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    My dad (Martin J. Smith, then James I. Mitchell, Jr.) was a member of the 2nd Platoon and was close enough to Capt Cornelius at 2330 to see and hear what was going on. The troops ahead of them began to fire and Captain Cornelius shouted something close to "Stop it, that's the 113th"! Many men responded by yelling back, "No! No! It's the "Krouts!" (sorry if that's offensive, I was just trying to be accurate) As Captain Cornelius stepped out to release the flare, he was hit by fire from a "Burp" gun. As you may know this was a slang term Americans gave a hand held German weapon that fired at a high rate of speed because of the way it sounded. Smith backed up his jeep and 2 soldiers placed Captain Cornelius in the rear. Smith than gave Cpt. Cornelius 2 tablets, sprinkled sulfa powder in his wound to prevent bacterial infection, and used the bandage he had from his first aid kit (they all had these on their belts) to wrap the wound. He then drove him back to the First Aid Station to receive medical attention. Dad does not recall how far of a drive that was, but does recall there was firing all the way back and that it was going over his head. You could tell it was German fire because every 8th or 10th round (somewhere around there) was a flare that was white. American fire had rounds every so often that were a light orange. This is one of the distinctions that was used to identify troops.

    This was only the 2nd time that dad recalled Captain Cornelius being near the front. The other was at St. Jean De Daye where the gallant action of Captain Cornelius' that was described in Post #81 is accurate of what he recalls from that day.
     
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  16. AMS7

    AMS7 New Member

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    Dad recalls Pvt Howard W. Ochiltree on a more personal level. Pvt. Ochiltree was the guy that could get you things. He said it was amazing the amount of things you would see when he opened up his jacket.
     
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  17. Slipdigit

    Slipdigit Good Ol' Boy Staff Member WW2|ORG Editor

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    03 Sep 1944

    "Troop relieved from roadblock mission at 1100 and moved to Bruvelle Belgium 953265"

    The Journal entries were minimal, but the name of town they were in was spelled correctly - Bruyelle. The village was a few miles SW of the previous day's fight at the crossroads.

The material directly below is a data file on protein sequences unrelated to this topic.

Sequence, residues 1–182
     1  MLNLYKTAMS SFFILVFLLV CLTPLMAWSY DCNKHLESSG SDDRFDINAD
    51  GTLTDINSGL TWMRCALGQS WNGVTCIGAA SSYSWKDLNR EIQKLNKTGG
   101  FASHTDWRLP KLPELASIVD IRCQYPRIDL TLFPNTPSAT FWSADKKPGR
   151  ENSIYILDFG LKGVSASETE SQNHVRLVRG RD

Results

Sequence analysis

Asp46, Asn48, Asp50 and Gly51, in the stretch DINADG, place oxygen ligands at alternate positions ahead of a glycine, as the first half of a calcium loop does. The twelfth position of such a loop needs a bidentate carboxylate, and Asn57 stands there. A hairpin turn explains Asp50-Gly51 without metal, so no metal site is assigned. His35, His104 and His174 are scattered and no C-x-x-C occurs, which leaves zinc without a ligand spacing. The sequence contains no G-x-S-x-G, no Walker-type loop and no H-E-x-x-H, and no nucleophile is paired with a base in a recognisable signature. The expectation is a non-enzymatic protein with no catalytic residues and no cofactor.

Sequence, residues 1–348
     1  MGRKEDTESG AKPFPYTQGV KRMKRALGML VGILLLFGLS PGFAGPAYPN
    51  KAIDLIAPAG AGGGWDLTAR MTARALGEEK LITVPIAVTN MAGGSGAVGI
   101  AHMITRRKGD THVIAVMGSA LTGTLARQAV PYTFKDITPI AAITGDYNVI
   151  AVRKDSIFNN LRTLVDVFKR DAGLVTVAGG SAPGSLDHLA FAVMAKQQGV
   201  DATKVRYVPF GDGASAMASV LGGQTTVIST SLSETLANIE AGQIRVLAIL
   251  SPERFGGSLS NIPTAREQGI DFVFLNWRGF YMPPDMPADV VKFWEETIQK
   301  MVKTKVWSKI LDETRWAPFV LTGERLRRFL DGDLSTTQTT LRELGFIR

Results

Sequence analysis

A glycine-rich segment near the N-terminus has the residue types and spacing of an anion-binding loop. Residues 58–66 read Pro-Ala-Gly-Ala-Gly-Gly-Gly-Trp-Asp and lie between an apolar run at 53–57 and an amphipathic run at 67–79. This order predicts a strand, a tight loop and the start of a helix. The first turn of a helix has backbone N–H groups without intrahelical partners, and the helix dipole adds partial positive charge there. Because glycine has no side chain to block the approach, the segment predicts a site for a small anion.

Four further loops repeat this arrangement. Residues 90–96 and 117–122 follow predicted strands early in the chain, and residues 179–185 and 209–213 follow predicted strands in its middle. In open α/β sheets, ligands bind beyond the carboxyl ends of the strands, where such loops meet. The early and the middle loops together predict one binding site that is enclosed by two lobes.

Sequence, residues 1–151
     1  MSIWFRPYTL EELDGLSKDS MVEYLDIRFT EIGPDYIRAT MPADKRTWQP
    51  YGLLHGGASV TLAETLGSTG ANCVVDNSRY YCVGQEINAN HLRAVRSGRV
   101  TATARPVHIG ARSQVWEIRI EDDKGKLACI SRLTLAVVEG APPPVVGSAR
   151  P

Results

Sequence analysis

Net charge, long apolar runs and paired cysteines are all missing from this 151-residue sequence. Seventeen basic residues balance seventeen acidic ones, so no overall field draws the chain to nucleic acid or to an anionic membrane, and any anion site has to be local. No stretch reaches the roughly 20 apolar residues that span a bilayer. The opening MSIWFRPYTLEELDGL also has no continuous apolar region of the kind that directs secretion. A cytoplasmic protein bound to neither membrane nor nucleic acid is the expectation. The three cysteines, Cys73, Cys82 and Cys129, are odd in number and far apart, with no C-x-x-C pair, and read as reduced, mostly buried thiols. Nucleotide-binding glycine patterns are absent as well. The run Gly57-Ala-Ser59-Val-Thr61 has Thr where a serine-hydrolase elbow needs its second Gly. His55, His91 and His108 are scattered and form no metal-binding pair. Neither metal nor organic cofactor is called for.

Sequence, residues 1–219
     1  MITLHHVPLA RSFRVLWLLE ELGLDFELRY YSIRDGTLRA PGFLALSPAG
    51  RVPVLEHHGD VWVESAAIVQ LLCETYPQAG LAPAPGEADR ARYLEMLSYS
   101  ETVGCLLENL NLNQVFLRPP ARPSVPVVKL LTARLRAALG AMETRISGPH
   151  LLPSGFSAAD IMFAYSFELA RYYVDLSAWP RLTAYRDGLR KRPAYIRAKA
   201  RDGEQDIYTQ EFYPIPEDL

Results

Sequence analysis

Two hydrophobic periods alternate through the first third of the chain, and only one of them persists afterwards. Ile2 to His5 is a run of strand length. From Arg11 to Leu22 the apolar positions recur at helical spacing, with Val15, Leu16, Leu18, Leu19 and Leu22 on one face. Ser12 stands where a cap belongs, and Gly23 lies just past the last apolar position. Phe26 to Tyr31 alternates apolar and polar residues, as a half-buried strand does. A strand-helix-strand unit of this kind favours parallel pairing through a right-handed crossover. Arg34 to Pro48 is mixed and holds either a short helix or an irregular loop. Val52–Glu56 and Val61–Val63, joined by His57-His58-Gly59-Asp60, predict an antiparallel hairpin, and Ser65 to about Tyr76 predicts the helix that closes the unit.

I don't know if Recon was using the wrong map, wrong grid coordinates or if EchoDelta is rendering incorrect information, but the locations cited in the AAR are incorrect. The grid coordinates for 2 September showed the fight at the crossroads as being on the other side of Tournai near Lille. The grid coordinates for today showed their bivouac to be well over in eastern Belgium, near Maastricht, which was not possible at this point. Thankfully, the AAR or Journal list village names, so I am able to find the correct locations.

    Also clarification regarding 125th Cavalry and 113th Cavalry mentioned in the posts above. The 125th Cavalry Reconnaissance Squadron and the 113th Cavalry Reconnaissance Squadron were part of the 113th Cavalry Group.
     
  18. Ruud

    Ruud Member

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    Location:
    Maastricht Netherlands
    I had the same problems with thos grid coordinates. Sometimes they get close to the places the AAR show, mostly the grids refer to someplace offmap/ impossible.
    Recon is now close to enter Holland...Nice Job Jeff. Are you going to post a sort off total map at end of AAR?
     
  19. Slipdigit

    Slipdigit Good Ol' Boy Staff Member WW2|ORG Editor

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    Probably, I haven't thought about it but that is a good idea.
     
  20. Slipdigit

    Slipdigit Good Ol' Boy Staff Member WW2|ORG Editor

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    4 Sep 1944

    AAR:

    "Troop in bivouac at 953265."

    Journal:

    no time given - "Troop in bivouac 953,265. Reorganization due to losses."

    SITREP (Situation Report):
    Line F "7 M-8s ready to roll."